Outlining AD DS Changes in Windows Server 2012 (part 3) : Auditing Changes Made to AD Objects
Another important change to Active Directory that can be enabled in a Windows Server 2008 or Windows Server 2012 functional domain is the concept of auditing changes made to Active Directory objects.
Outlining AD DS Changes in Windows Server 2012 (part 2) : Restarting AD DS on a Domain Controller, Implementing Multiple Password Policies per Domain
Windows Server 2008 originally introduced new capabilities to start or stop directory services running on a DC without having to shut it down. This enables administrators to perform maintenance or recovery on the Active Directory database without having to reboot into Directory Services Restore Mode.
Outlining AD DS Changes in Windows Server 2012 (part 1) : Restoring Deleted AD DS Objects Using the Active Directory Recycle Bin
The AD Recycle Bin was supported in the Windows Server 2008 R2 version of AD DS, but was extremely complicated to implement, and the administrative tools provided were not easy to use.
Windows Server 2012 : Understanding AD DS Replication, Outlining the Role of DNS in AD DS
For purposes of replication, AD DS logically organizes groups of servers into a concept known as sites. Generally speaking, a single site should be composed of servers that are connected to each other via high-speed connections.
Settings Breakdown for Windows Server 2008 and Windows Vista : Policies (part 6) - Administrative Templates
The Administrative Templates node and subnodes in a GPO update the registry on the target computer, either under the HKEY_LOCAL_MACHINE or HKEY_CURRENT_USER portion of the registry.
Settings Breakdown for Windows Server 2008 and Windows Vista : Policies (part 5) - Security Settings - Public Key Policies, Software Restriction Policies
This node provides the ability to configure wireless networks for desktops running Windows XP or Windows Vista that are joined to the domain. The options for configuring the wireless network for Windows XP is somewhat limited compared to those for Windows Vista.
Settings Breakdown for Windows Server 2008 and Windows Vista : Policies (part 4) - Security Settings - Wired Network, Windows Firewall with Advanced Security
The updated firewall that comes with Windows Vista and Windows Server 2008 provides additional configurations that enable granular security control over inbound and outbound communications and connection-specific security. You can configure these policies through a set of wizards.
Settings Breakdown for Windows Server 2008 and Windows Vista : Policies (part 3) - Security Settings - Restricted Groups, System Services, Registry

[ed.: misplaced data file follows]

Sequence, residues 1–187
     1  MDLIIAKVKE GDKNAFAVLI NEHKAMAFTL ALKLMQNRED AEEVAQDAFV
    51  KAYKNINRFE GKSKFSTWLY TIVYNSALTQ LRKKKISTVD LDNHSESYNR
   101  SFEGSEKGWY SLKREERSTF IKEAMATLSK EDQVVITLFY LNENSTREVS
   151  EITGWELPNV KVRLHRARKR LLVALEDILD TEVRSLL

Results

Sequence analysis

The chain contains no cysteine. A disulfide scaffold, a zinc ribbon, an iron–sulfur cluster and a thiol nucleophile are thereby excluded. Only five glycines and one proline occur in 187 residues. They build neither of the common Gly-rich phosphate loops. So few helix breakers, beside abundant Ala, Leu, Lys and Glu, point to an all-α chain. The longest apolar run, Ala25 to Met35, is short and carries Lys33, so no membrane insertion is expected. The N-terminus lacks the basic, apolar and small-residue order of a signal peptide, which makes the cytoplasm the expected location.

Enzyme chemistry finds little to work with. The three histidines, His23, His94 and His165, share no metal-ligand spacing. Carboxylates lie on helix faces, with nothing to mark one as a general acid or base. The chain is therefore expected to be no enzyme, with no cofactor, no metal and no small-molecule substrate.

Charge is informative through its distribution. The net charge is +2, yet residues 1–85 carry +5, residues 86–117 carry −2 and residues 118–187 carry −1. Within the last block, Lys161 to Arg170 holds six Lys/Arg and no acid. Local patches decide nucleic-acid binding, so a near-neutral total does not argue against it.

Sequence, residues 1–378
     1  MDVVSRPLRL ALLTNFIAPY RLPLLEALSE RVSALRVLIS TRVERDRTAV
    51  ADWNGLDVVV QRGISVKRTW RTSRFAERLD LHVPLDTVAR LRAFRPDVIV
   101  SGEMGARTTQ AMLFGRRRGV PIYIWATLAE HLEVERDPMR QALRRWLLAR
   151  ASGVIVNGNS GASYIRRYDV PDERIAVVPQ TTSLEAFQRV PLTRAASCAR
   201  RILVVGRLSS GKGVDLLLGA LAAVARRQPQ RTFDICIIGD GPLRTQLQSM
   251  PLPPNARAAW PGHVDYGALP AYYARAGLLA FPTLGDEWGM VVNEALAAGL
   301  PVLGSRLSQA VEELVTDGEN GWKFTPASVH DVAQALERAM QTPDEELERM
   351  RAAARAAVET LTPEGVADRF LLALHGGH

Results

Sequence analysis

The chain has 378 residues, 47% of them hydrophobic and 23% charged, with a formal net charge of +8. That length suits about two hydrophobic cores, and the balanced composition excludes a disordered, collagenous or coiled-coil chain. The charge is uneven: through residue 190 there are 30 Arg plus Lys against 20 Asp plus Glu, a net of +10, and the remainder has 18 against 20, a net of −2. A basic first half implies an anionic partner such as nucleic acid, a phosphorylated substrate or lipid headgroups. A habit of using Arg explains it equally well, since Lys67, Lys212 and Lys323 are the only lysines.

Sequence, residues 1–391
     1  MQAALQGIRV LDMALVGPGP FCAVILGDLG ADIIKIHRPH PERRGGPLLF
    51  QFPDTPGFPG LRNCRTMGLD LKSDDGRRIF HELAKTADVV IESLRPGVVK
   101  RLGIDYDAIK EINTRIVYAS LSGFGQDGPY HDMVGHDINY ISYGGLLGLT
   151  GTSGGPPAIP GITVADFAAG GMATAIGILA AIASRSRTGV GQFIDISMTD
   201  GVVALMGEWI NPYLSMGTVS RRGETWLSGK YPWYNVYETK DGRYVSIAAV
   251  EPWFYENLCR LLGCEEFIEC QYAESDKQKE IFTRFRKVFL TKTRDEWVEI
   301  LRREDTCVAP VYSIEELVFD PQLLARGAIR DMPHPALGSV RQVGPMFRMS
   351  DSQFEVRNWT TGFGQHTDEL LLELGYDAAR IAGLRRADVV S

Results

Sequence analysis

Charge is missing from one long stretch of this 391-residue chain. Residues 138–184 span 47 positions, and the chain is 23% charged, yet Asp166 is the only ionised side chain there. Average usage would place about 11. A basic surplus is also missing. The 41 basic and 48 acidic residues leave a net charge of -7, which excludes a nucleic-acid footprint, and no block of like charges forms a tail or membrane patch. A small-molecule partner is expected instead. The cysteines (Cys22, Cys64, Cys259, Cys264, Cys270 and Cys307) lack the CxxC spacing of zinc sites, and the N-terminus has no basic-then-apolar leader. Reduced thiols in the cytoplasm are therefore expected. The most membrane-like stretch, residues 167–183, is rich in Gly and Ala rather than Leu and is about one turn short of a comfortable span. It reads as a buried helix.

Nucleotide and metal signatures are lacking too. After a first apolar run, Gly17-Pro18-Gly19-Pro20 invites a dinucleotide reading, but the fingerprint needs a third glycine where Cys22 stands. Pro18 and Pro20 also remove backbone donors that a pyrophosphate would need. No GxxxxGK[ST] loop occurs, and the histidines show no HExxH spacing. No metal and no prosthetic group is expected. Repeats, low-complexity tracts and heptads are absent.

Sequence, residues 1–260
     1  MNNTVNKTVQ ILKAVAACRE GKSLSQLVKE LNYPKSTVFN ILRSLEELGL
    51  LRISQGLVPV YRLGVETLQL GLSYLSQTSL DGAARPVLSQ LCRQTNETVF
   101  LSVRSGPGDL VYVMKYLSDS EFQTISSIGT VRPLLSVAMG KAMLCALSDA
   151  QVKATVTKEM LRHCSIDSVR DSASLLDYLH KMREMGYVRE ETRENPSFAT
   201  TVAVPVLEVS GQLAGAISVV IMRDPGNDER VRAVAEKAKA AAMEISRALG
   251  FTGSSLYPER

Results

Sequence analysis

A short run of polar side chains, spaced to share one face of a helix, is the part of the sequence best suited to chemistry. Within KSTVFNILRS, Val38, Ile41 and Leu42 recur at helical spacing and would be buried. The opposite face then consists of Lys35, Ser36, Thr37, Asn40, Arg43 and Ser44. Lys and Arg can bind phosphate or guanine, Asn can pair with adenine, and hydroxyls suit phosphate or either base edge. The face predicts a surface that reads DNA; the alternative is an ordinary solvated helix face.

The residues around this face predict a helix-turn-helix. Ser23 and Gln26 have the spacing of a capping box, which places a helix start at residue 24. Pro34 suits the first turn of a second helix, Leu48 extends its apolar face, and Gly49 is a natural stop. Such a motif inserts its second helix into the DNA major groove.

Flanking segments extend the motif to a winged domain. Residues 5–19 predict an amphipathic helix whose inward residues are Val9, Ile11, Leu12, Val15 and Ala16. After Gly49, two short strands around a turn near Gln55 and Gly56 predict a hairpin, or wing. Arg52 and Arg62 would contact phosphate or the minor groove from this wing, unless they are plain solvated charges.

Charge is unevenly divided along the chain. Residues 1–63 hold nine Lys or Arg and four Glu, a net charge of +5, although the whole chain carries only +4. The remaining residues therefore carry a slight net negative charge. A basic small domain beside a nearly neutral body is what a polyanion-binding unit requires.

This setting allows you to centralize the group membership of both groups that reside in Active Directory and those that live locally in the Security Accounts Manager (SAM) on each computer, referred to as local groups.
Settings Breakdown for Windows Server 2008 and Windows Vista : Policies (part 2) - Security Settings - Account Policies, Local Policies
This node and its subnodes contain some of the most important security settings for your Active Directory domain and for the computers that are joined to the domain. Within this node, you will find the three important security nodes that control user account passwords, lockout policy, and Kerberos policy settings.
Settings Breakdown for Windows Server 2008 and Windows Vista : Policies (part 1) - Software Settings
The Software Settings node is where you can configure the deployment of software to both computer and user accounts. There are slight differences between deploying software to computers and users, but they are minimal.
Windows 8 : Managing Application Virtualization and Run Levels (part 2) - Setting Run Levels, Optimizing Virtualization and Installation Prompting for Elevation
By default, only applications running with a user’s administrator access token run in elevated mode. Sometimes you’ll want an application running with a user’s standard access token to be in elevated mode.
Windows 8 : Managing Application Virtualization and Run Levels (part 1) - Application Access Tokens and Location Virtualization, Application Integrity and Run Levels
The focus on standard user and administrator privileges also changes the general permissions required to install and run applications. In Windows XP and earlier versions of Windows, the Power Users group gave users specific administrator privileges to perform basic system tasks when installing and running applications.